We are now five years since the onset of the Great Recession and most of us are seeing a comeback, whether minimal or significant. Unfortunately, for many, our busy ways will replace the memory of the tough times and the lessons will be quickly forgotten. After all, economic booms are typically followed by recessions, and then the cycle repeats itself every eight to 12 years. When times get tough we tighten our belts, and when the rebound occurs, fees are plentiful.

However, what if this time is different? Many will argue that with the advent of technology, generational differences and a global economy, we can't simply return to business as usual. Instead, what if we applied what we learned during the recession to the good times as well?

As workload and revenues have increased steadily during the last two years, SMBH has added staff as well as resources to remain competitive. However, I dare say we are now doing it through a different filter and prism with a commitment to three key areas of focus:

1) Commitment to communication: In all aspects of our business, we are communicating with our team members and clients now more than ever. Transparency results in trust and can be a rallying point for change. Be open about cash flow, workload and other challenges. With increased workload, it is often tempting to cut back on communication, meetings and even skip steps in our defined processes to optimize our working hours. However, once transparency and trust is established, it shouldn't be removed from the culture.

2) Engage your entire team in cost-cutting measures on an ongoing basis: By looking at all of your expenses that you take for granted as fixed costs – everything from office supplies to the cleaning service – you'll find areas for adjustment and continual improvement. For example, you don't have to cut out your training budget entirely, but find a way to deliver educational programs in a different manner, such as employees having to brownbag lunch instead of catering the meal. In terms of maximizing cash flow, get better at collections.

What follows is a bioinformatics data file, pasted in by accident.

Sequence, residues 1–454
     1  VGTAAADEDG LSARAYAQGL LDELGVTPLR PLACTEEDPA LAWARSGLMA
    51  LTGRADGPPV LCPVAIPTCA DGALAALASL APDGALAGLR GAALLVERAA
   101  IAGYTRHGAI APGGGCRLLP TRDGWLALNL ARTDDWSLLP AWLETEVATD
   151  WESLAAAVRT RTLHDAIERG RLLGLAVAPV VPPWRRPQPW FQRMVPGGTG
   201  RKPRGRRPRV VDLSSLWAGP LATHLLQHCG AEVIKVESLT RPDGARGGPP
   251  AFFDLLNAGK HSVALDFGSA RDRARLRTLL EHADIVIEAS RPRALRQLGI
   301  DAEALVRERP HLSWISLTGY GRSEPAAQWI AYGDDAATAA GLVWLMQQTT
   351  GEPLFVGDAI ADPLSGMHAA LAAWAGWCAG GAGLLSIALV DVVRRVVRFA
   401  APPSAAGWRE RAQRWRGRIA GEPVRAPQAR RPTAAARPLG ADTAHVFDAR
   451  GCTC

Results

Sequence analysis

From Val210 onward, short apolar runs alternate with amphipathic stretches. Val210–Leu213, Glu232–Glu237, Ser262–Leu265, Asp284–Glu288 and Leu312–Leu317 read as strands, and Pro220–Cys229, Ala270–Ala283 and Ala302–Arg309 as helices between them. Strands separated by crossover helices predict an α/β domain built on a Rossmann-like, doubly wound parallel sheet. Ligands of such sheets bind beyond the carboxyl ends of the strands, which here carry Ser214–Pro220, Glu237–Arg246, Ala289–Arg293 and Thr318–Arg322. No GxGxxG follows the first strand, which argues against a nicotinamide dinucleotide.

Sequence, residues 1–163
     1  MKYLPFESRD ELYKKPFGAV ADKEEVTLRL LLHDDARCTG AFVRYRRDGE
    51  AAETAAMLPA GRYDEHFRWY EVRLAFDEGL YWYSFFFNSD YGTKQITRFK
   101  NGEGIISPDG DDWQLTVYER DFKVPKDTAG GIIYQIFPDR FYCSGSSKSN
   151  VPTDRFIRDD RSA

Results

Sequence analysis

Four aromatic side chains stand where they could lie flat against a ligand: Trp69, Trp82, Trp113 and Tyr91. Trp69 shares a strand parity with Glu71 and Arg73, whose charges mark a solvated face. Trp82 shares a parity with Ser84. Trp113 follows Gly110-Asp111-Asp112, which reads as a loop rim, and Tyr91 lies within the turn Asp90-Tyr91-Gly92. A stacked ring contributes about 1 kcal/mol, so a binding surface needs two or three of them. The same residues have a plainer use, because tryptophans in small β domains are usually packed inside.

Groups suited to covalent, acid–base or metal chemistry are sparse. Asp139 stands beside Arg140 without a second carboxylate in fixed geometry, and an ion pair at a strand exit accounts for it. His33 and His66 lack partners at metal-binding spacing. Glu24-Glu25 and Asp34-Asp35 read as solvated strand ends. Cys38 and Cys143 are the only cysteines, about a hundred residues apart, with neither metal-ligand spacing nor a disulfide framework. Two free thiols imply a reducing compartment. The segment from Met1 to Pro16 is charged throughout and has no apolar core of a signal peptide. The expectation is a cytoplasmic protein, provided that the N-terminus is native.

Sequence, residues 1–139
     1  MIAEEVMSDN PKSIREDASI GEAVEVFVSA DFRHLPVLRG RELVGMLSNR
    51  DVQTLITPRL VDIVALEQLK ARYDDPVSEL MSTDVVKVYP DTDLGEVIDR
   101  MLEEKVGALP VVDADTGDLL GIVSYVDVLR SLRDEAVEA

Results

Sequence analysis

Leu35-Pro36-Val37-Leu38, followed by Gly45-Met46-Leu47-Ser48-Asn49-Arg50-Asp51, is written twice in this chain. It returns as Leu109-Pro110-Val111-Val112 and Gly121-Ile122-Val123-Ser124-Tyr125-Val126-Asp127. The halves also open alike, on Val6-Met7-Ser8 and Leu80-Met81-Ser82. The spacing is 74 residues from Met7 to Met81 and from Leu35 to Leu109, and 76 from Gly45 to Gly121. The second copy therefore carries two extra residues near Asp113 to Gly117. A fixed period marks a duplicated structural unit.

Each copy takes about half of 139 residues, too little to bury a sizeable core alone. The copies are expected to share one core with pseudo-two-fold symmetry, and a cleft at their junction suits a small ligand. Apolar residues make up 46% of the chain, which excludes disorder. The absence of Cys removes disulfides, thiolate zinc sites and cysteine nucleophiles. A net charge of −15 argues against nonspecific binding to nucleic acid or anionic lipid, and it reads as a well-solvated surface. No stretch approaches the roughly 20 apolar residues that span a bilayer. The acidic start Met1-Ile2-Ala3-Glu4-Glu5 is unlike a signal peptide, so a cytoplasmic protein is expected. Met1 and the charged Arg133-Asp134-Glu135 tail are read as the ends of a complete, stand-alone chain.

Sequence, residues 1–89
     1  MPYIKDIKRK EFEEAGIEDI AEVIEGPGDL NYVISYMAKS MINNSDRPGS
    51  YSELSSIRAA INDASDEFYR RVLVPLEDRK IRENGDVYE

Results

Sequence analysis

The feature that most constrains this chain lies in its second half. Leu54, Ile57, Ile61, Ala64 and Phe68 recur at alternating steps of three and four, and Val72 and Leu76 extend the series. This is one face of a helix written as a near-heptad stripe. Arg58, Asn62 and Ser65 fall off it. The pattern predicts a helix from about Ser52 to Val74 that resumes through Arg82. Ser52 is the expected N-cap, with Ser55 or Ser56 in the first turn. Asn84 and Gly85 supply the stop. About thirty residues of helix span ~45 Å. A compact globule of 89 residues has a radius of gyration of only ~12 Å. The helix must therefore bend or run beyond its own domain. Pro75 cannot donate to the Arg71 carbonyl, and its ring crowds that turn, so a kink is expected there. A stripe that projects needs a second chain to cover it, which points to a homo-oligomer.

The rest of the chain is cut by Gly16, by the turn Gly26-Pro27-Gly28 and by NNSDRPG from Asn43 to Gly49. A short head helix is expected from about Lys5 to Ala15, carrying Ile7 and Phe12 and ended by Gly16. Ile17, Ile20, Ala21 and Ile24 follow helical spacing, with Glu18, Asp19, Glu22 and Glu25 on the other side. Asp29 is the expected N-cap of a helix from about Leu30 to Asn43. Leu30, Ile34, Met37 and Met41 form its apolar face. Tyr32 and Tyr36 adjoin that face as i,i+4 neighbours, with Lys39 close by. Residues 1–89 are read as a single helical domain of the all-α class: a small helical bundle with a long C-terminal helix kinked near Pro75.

3) Keep marketing: There has long been an adage that those who continue to market during the tough times will come out strong when the economy rebounds. Although we certainly made cuts related to marketing expenditures because of our decreased cash flow and workload, we didn't stop promoting our firm. Our tactics may have changed – such as decreased consultant costs or less sponsorships -- but we replaced these costs with grassroots efforts and communication with our clients. Today, as we begin to spend more money related to marketing, we look at all expenditures through the new prism.

Our team looks at decisions not simply in terms of the implications on tomorrow, but long-term. This approach helped us navigate the tough times, but it also is helping guide our decisions today when we enjoy a healthy backlog and great optimism for the future.

Stephen Metz is president of SMBH structural-engineering services firm. He can be reached at